Interestingly, I know all of these songs in pretty minute details. I did find myself sometimes….we cut, I think nine basic tracks in a day and a half or something like that. But when I would listen back, when we added strings or horns, I might hear something and go, “No, that’s not right.” We’d go back in the studio and redo a part. I can say it would be impossible, [but] the last thing Soul Station could be is a wedding band. It’s just not that. Whether you see the videos or whether you’ve seen the band live or listened to it. It’s way deeper than that. It’s kind of a commitment to a crusade. So with a lot of the classics, there were elements of the originals that in listening back, I might hear something missing and just add it in. So I didn’t really find it difficult. Everybody in the band is a first rate player and this is what they love doing. So it was sometimes a matter of finessing it or polishing it a bit. But nobody was out of their wheelhouse.

It had to be a lot of fun working up the arrangements on these songs and hearing them come to life.

It’s crazy. Being on stage and hearing these songs, it feels like basking in glory. The songs are so lush and heroic even. To be in the midst of it was almost something that came about selfishly. I wanted to hear these songs. It’s all well and good that a lot of these classic songs are samples in rap tunes and that’s fine, but these songs deserve a life on their own. I wanted to hear them. So when we rehearsed or when we’re in the studio, it’s friggin’ heaven. It’s great. When somebody says, “Stay in your lane,” well, it’s called the freeway and I don’t stay in any lane, nor do I want to. If you have to, because of your own limitations, that’s something for you to deal with. I’m free and I can’t always please everybody, but that’s not my intent. My intent is to please myself and it will find its audience.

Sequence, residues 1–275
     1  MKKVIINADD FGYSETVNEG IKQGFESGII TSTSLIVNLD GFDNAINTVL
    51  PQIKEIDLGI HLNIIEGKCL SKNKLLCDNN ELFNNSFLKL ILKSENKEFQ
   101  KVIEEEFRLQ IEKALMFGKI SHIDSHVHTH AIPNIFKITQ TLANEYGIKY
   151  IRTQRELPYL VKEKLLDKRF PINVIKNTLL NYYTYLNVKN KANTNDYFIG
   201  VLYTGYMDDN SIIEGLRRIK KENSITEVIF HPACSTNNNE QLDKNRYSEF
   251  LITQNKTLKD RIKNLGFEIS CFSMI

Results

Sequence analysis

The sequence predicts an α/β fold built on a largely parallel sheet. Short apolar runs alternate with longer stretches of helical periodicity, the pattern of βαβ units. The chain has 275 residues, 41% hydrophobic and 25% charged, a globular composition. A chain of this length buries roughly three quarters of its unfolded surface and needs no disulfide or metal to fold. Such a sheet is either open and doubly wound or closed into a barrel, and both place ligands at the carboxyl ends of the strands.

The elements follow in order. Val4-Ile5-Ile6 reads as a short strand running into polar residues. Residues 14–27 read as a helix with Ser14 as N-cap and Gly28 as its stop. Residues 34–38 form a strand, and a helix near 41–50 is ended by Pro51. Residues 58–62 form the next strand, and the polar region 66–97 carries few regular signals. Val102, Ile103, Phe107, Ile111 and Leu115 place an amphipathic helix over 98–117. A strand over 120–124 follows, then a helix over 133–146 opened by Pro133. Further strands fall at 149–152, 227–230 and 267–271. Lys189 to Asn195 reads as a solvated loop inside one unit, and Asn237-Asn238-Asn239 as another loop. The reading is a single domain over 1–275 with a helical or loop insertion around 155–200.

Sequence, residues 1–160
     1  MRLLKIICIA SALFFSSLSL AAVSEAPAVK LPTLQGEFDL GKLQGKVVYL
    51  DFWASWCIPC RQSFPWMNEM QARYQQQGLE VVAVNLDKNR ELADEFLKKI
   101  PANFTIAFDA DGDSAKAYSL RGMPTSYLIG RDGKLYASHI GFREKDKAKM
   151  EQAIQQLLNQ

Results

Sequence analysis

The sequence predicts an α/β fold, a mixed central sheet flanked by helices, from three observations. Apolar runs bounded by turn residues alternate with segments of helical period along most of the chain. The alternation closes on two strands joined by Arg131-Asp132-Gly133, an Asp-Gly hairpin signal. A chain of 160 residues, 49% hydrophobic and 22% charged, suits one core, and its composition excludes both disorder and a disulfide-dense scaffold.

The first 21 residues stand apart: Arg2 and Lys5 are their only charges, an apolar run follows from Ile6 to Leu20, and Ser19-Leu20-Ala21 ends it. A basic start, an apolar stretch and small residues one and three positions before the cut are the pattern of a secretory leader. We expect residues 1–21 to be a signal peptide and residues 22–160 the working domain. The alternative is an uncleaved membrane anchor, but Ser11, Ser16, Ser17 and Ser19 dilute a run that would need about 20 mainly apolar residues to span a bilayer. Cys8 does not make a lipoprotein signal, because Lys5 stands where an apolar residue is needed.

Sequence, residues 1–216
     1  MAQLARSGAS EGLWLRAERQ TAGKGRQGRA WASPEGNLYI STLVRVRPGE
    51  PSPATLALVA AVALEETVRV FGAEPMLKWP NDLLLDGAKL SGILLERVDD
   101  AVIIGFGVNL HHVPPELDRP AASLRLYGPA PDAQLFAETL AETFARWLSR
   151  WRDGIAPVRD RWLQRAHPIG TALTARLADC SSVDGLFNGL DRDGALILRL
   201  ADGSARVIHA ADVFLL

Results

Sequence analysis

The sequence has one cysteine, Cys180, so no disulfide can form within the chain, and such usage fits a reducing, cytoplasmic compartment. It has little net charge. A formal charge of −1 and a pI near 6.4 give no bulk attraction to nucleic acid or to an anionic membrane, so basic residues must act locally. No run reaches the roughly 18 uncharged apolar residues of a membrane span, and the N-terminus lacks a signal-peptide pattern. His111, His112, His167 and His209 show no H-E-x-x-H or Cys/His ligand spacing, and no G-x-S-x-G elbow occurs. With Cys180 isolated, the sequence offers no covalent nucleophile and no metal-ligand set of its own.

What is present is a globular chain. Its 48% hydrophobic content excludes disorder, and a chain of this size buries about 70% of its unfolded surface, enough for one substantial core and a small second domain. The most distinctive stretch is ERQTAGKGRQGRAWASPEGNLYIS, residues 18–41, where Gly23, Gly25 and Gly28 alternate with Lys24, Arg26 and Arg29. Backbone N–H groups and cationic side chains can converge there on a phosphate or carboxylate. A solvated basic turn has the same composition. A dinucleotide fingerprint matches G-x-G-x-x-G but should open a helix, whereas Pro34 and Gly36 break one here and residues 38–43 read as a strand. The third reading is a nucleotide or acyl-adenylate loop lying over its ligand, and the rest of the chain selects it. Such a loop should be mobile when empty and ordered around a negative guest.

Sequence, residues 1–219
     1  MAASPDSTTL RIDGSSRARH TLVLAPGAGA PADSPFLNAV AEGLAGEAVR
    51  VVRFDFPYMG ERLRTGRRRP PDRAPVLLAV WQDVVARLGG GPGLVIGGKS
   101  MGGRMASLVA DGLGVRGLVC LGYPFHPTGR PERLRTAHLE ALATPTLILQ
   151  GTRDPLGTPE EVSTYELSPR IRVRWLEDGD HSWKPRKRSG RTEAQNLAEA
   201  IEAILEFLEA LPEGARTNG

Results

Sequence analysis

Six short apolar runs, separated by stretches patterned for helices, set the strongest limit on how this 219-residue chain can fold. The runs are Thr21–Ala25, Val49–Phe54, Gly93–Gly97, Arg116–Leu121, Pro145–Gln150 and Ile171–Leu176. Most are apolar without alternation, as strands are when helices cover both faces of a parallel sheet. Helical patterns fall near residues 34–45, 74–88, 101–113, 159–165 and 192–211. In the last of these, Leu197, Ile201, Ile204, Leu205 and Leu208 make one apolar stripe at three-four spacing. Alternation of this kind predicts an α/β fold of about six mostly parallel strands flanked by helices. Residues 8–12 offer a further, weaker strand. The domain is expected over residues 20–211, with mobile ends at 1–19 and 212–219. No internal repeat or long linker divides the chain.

This has been developing for a few years now, with live shows and that kind of thing. But before that, was there a time where you tried to put this in play? How far back do the seeds of this go?

I was a lucky kid. I saw Solomon Burke, I saw Otis Redding. This is a key part of my foundation, the music. I’ve always loved it and I can remember about 15 years ago thinking about putting together a band for one night to do a lot of these tunes. But it wasn’t until about six years ago that I thought seriously about doing it. When the core members came together, I just wanted to build on it and see this through. I won by having this band together. I won by having the album done. I’m winning by the response to it. Anything beyond that is just sprinkles on the icing on the cake. I’m thrilled with everything and the way it’s happened. Look, I understand some people going, “The guy in Kiss is singing Motown and Philly soul” and what have you. But I’ve always considered myself, not a rock singer, but a singer who sings rock. It’s a choice and I don’t feel that I want to be limited or I’ll limit myself.

A funny story, when he’s in town, I’ll spend some time with Rod Stewart. We’ll grab coffee or whatever. In passing, when we were both doing shows in Vegas, I said, “Yeah, my 15-piece soul band” and he goes, “You have a 15-piece soul band?” I go, “Yeah!” And in the best of no insult meant, he goes, “Well, who sings?” And I said, “Me!” And again, not insulting at all, he goes, “You can handle those songs?” So I pulled out my iPhone and played him a bunch of tracks. He talked about it to his daughter, to my wife. So, I get it. I get some people’s questioning or doubting of it. But I’m not one for doing things that I don’t succeed at. Because I do things that I love doing. I’ll work hard to make it happen.